Despite picking primarily in the mid to late round for the last several years, the Caps have largely done a good job finding high-end talent with their first-round picks. Barron was highly regarded before last season and perhaps he could be another example of a guy other teams back away from allowing MacLellan to step in and take a chance on him. I would not be surprised to see Barron go 24th or perhaps even earlier and I would also not be surprised to see him fall out of the first round completely.
C Mavrik Bourque, OHL
Bourque is a play-making, pass-first center with an exceptional hockey IQ. He is a fantastic passer aided in part by his ability to slow the game down and find the best passing options. His hockey acumen is such that he can also play on the penalty kill.
So why would he fall to late in the draft? Because he lacks the physical tools of the early-round prospects. He is only 5-foot-10 and 178 pounds and his skating is average. He is not afraid of the physical play despite his size, which is encouraging, but when part of his skill is being able to slow the play down, he will have much less time at the NHL level to do that leading some to question whether he can be as effective. He is a project who will have to learn to adjust to the speed of the AHL and, eventually, the NHL game.
Bourque is the kind of player you take expecting him to be a third-line two-way center, but hoping he can develop into a top-six playmaker.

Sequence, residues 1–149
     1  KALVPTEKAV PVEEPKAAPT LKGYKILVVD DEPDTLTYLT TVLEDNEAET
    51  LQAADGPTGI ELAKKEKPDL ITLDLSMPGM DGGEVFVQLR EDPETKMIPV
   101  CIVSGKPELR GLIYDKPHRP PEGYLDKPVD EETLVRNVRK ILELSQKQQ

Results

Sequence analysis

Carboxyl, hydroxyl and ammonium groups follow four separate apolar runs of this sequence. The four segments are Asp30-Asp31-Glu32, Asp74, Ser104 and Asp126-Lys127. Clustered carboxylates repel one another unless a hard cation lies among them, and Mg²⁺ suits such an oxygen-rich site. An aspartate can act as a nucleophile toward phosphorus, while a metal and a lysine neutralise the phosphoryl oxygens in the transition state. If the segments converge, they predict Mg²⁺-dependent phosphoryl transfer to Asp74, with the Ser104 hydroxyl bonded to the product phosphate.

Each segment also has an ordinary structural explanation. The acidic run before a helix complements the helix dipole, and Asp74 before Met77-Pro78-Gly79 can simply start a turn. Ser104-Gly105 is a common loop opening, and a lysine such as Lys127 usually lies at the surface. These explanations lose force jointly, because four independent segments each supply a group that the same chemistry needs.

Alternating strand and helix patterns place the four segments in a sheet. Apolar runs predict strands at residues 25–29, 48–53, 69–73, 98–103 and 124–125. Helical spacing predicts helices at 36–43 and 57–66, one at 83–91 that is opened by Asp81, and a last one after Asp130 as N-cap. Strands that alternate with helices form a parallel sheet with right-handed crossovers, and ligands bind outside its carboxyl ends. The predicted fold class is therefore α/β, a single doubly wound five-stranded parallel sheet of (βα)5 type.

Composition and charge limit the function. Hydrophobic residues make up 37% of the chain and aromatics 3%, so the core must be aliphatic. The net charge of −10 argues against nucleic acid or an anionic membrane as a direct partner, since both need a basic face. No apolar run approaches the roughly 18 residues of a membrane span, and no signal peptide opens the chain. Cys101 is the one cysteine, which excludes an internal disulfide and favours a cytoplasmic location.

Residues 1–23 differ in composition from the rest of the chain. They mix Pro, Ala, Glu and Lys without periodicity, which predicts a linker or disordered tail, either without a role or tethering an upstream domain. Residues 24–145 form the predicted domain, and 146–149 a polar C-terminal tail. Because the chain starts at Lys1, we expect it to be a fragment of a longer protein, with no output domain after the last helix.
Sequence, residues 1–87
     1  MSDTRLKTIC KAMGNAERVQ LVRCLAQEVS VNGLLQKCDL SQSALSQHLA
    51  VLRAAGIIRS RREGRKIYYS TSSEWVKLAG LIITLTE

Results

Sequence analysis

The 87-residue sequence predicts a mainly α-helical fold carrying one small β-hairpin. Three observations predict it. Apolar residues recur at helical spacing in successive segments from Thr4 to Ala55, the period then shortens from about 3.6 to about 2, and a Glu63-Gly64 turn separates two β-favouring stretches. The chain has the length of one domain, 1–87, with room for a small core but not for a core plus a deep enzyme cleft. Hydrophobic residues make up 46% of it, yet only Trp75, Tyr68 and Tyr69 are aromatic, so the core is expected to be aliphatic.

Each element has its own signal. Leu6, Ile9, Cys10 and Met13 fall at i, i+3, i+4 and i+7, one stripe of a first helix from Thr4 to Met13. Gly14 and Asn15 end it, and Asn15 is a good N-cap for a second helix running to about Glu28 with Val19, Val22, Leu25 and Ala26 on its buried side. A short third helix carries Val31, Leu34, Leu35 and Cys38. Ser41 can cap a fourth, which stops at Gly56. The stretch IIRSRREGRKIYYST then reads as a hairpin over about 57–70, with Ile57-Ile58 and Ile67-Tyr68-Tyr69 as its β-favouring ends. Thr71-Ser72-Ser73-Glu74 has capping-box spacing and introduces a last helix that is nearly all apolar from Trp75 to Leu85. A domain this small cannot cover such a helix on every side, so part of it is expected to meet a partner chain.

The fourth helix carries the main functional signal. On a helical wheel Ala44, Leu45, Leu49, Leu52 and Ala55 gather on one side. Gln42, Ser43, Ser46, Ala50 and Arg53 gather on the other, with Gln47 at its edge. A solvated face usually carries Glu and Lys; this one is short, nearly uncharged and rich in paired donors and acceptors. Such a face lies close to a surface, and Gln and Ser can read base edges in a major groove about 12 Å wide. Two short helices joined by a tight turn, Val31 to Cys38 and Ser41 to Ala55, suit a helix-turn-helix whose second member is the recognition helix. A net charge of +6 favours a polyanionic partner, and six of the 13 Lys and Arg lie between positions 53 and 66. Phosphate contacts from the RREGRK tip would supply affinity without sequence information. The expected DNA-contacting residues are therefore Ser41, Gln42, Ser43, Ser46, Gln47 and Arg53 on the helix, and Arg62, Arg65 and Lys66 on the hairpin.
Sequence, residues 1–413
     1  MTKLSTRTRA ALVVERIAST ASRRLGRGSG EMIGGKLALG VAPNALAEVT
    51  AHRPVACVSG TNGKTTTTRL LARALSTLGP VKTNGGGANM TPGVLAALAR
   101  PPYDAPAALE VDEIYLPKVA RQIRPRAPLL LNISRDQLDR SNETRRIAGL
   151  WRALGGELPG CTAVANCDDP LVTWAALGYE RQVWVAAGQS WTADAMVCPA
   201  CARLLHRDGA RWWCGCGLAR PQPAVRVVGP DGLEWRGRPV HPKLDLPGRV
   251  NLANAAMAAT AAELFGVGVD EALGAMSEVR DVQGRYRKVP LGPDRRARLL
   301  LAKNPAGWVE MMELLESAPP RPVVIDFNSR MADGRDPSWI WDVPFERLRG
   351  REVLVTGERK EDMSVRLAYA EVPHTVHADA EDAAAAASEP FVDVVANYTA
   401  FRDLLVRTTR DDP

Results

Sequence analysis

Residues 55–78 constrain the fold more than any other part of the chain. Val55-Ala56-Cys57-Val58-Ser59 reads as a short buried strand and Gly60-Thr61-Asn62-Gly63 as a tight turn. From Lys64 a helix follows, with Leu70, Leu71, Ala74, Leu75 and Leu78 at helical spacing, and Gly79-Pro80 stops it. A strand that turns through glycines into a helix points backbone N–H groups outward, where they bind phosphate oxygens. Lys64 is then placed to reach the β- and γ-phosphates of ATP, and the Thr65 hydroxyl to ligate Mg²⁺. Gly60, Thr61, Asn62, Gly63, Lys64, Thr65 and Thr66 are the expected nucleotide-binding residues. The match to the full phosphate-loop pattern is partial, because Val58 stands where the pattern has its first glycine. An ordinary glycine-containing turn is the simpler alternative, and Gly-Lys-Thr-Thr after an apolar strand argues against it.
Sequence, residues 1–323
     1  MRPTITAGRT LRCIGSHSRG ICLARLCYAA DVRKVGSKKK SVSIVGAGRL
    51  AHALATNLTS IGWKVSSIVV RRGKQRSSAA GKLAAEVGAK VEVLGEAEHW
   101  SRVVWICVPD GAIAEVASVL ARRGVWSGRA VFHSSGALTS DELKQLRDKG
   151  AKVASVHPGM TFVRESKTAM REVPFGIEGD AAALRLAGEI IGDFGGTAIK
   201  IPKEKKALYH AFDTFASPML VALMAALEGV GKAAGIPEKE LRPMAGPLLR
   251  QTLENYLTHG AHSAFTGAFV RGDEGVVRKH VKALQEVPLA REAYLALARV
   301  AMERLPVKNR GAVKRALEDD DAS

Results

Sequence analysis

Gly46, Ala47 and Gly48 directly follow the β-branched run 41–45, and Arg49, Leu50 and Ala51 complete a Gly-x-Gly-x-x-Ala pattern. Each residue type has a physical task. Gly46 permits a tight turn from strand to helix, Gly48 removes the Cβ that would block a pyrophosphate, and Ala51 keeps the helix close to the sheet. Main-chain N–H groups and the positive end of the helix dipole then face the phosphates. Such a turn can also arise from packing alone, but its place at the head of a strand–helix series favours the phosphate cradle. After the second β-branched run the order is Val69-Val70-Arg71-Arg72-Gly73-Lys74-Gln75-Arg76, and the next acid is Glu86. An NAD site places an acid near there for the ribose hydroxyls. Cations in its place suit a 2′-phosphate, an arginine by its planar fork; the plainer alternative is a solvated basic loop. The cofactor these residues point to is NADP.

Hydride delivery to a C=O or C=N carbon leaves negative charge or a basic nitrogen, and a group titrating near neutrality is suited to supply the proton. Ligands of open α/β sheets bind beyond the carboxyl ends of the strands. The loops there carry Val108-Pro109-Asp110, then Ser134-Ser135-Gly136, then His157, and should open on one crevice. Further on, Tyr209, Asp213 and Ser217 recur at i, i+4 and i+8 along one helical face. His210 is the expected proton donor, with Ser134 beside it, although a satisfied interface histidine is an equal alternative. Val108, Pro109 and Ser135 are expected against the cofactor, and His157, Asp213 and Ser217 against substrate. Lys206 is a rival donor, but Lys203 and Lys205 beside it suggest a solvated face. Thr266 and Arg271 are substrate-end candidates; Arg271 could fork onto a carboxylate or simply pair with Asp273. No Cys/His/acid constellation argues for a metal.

C Brendan Brisson, USHL
The profile on Brisson is a bit similar to Bourque. He is an exceptionally skilled player whose physical attributes in terms of his size and speed drop him to the late first round. While Bourque is more of a two-way player, Brisson is more offensive and has a good one-timer he can utilize on the power play.
C Ridly Greig, WHL
Any list of draft targets for the Capitals has to include at least one player from the WHL considering the team's proclivity at selecting players from that specific junior league.
It is typically a red flag when a player is only 5-foot-11, 163 pounds, but Greig plays with more tenacity and grit than you may expect from a player of that size. It is that size that will make him a possible option for the Caps late in the draft. Besides his size, Greig has good speed, and great offensive skills. He has the hands to be creative with the puck and is a player who can be utilized in any situation.
RW Noel Gunler, SHL
Gunler is a dynamic offensive player with good vision and a good shot. With the puck on his stick or in the offensive zone, there's a lot to like. Gunler has to learn how to play without the puck, however, especially defensively. That is an area that has been lacking severely leading some to question his compete level.
This is the type of player for whom the interview would probably matter a lot. He has the offensive skill you want, it's just a question of whether the team thinks he is willing to learn and work at all the other aspects of his game that need to be developed.
RW Jaccob Perreault, OHL
Perreault's major asset is his shot. He has arguably the best in the draft and if you draft him, it's to be a goal-scorer. His offensive skill is without question, but he does not have the foot-speed to match. At 5-foot-11, 195 pounds, he is thick enough to win battles in the NHL, but will he be able to find enough separation at the NHL level to make his shot as effective as it can be?